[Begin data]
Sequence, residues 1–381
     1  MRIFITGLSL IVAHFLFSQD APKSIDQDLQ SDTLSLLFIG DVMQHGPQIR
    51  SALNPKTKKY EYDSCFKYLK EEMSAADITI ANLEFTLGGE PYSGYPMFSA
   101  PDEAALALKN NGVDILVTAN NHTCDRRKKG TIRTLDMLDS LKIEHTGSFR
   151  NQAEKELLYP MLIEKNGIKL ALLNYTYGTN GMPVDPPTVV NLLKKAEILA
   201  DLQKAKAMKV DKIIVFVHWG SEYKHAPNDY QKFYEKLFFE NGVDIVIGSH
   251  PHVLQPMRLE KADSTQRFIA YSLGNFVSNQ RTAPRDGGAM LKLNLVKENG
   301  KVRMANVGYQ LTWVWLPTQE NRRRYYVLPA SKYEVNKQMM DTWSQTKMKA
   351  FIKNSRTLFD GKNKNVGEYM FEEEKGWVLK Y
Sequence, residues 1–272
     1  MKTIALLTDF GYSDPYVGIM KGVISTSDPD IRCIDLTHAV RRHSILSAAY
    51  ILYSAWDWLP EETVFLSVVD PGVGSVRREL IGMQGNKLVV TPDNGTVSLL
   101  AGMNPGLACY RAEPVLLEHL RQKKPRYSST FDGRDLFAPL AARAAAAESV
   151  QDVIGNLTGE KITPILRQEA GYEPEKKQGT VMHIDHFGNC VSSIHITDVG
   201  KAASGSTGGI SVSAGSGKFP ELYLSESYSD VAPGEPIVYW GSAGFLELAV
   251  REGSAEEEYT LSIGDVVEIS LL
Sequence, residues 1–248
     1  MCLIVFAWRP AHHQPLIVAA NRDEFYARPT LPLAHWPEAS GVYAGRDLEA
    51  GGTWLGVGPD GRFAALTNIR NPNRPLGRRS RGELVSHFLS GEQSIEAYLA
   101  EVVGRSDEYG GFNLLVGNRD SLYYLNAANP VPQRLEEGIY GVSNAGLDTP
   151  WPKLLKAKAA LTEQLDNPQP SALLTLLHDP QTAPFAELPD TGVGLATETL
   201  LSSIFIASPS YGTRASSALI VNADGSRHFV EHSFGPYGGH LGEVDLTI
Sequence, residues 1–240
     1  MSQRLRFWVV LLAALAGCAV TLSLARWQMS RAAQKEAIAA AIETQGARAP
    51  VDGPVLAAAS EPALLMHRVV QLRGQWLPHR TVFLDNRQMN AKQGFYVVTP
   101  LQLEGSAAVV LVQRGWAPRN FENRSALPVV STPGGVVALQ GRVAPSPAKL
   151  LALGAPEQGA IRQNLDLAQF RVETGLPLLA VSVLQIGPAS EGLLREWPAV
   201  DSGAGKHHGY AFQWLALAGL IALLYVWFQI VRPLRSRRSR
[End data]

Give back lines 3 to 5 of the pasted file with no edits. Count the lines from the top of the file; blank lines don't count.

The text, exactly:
    51  SALNPKTKKY EYDSCFKYLK EEMSAADITI ANLEFTLGGE PYSGYPMFSA
   101  PDEAALALKN NGVDILVTAN NHTCDRRKKG TIRTLDMLDS LKIEHTGSFR
   151  NQAEKELLYP MLIEKNGIKL ALLNYTYGTN GMPVDPPTVV NLLKKAEILA